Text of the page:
Still, other studies have reported only weak associations between picky eating and growth; for example, Wright et al.  reported that children considered to be “faddy” had a slight, non-statistically significant lower body weight, height and Thrive Index (a measure of weight gain starting from birth) compared to children who were not “faddy”. Interestingly, in this same study, children who were perceived to have an “eating problem” did have a statistically significant lower body weight and height and had gained less weight since birth. Chatoor et al.  reported that picky eaters had a significantly lower percent ideal body weight compared to non-picky eaters (102.4% versus 107.7%, respectively), but that picky eating status was not a significant predictor of the percent ideal body weight .
One of the defining features of picky eating is that the types of foods consumed tend to be limited (i.e., selective eating), with the child exhibiting strong food preferences and food dislikes [1,3,4,6,9]. Parents of picky eaters are also more likely to report that their child does not consume an adequate amount of food at each meal [4,8], or that the child does not eat the amount of food that the parents think they should be eating [3,9].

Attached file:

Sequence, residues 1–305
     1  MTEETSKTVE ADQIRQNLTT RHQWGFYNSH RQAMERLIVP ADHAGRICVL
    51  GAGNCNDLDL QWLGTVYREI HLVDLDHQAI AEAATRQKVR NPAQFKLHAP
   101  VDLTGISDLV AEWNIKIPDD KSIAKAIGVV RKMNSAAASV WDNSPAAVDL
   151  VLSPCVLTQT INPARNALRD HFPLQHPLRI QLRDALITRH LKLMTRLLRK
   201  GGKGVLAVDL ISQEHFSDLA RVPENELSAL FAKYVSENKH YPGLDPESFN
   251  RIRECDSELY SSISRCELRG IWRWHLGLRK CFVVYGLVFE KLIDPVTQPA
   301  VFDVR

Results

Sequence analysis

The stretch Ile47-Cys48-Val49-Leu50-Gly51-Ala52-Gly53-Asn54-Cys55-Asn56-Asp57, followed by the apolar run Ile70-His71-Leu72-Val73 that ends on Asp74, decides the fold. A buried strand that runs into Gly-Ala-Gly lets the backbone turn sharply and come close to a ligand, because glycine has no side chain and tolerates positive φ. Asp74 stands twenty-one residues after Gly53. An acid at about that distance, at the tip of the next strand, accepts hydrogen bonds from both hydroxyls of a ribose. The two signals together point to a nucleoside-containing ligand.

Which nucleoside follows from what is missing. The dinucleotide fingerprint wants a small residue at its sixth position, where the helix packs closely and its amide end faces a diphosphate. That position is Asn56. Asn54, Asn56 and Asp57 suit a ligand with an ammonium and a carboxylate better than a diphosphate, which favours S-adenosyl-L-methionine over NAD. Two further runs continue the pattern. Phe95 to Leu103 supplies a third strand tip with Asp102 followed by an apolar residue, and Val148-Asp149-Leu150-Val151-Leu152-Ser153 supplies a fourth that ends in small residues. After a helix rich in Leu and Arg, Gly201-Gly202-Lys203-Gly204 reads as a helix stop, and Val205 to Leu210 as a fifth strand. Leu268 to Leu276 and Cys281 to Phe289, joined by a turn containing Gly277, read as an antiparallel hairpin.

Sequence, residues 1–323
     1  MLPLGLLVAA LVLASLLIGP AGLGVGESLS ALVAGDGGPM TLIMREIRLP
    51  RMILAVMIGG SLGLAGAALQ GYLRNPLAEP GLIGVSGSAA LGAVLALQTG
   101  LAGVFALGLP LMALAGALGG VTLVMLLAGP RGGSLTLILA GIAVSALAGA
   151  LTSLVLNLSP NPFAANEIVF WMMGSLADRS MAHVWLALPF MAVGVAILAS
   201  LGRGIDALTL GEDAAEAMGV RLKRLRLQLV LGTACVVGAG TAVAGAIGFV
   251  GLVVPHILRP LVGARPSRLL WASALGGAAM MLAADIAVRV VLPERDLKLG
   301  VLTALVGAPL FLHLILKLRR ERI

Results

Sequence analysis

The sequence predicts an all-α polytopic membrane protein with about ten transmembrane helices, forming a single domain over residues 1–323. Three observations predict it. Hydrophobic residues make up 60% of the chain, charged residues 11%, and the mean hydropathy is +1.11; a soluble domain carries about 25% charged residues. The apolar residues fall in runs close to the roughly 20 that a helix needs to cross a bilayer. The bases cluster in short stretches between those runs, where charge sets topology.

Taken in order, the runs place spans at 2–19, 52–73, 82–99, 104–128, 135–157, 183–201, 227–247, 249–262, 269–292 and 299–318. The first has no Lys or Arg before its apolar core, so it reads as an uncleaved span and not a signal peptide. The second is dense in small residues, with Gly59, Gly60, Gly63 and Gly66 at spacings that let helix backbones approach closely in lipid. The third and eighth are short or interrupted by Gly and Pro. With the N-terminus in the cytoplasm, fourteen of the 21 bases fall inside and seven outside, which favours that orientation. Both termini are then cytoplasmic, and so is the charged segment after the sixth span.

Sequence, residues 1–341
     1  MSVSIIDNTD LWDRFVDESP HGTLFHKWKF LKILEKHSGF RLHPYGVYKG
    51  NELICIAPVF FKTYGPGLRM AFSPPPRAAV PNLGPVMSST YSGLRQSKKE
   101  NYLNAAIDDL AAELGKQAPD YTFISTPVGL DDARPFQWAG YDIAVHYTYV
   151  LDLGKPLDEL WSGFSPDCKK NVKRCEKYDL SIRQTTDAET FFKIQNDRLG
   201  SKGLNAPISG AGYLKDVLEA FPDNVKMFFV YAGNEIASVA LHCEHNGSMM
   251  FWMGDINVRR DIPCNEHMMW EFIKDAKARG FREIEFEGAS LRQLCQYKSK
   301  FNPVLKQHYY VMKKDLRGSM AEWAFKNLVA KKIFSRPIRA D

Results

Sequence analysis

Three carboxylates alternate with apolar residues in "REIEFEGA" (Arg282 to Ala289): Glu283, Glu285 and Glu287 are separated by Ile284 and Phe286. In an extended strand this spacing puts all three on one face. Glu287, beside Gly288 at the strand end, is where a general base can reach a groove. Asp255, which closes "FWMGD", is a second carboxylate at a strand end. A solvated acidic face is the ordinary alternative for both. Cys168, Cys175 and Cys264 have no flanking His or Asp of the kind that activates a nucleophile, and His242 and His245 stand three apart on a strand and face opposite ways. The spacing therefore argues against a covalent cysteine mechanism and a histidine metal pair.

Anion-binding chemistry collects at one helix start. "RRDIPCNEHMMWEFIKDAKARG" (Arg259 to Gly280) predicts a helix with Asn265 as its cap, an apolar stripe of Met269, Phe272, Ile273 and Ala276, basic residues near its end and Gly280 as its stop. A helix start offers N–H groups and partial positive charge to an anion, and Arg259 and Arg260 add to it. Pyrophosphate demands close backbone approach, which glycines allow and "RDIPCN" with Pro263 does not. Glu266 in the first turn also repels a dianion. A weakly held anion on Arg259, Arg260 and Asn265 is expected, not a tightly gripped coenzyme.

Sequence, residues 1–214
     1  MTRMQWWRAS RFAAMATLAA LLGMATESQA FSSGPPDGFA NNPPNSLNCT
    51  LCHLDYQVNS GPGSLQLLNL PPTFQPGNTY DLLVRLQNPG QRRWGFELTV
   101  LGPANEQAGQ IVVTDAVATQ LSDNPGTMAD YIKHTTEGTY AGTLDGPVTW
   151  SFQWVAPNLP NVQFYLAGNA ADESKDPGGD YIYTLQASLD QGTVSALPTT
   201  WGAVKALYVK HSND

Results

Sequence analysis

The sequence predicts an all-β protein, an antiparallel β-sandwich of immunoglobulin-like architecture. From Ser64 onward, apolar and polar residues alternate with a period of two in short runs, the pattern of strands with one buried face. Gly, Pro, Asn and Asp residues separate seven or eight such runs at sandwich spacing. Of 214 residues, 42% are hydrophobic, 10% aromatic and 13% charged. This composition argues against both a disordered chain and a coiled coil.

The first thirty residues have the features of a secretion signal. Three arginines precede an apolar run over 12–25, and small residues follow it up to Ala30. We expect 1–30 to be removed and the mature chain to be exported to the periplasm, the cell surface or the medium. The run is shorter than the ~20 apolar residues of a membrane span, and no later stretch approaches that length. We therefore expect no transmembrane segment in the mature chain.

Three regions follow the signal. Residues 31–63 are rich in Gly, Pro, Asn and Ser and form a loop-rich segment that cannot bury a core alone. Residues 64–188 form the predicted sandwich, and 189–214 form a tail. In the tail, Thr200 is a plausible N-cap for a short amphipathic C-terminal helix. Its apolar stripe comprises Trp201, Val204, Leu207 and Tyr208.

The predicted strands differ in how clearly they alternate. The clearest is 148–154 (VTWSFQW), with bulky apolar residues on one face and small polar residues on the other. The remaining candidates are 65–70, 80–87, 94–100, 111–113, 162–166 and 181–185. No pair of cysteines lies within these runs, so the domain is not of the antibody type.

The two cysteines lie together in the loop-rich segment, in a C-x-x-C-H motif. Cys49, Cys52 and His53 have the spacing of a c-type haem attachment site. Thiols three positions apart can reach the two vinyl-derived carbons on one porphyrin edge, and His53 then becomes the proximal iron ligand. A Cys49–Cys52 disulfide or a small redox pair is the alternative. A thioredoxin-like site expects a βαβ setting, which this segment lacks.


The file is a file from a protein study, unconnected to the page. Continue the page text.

There is some evidence from the literature to suggest that picky eaters do have less intakes of certain foods/food groups compared to non-picky eaters, when intake was assessed using data collected from dietary intake surveys (24-h dietary recalls, food records, or FFQ). Notably, when compared to non-picky eaters, picky eaters have been reported to consume less fruits and vegetables[12,14,15,19,23,25,27,29,30,32,33,35,39,40], whole grains [25,30], and meat and fish [14,25,30,33,37,38], with the most consistent finding related to the reduced consumption of vegetables in picky versus non-picky eaters. Caution is warranted in interpreting these findings since the extent to which the parents were regulating the child’s food intake is not known. For example, it is unclear whether the lower intake of certain food groups is attributable to the child’s refusal to eat such foods, or whether the foods were simply not offered to the child by the parents, either because the parents know that the child will not eat the food, or for other reasons such as affordability. To avoid these potential confounders, several investigators have evaluated whether food intake differs between picky eaters and non-picky eaters under an experimental setting. Similar to the data collected from dietary intake surveys, the results from two such experimental studies identified in this review suggest that the food choices of picky eaters do differ in some respects when compared to those of non-picky eaters [5,8]. For instance, picky eaters were more likely to avoid vegetables in both of these studies. Thus, vegetable intakes, which tend to be low in general, are even lower in picky eaters.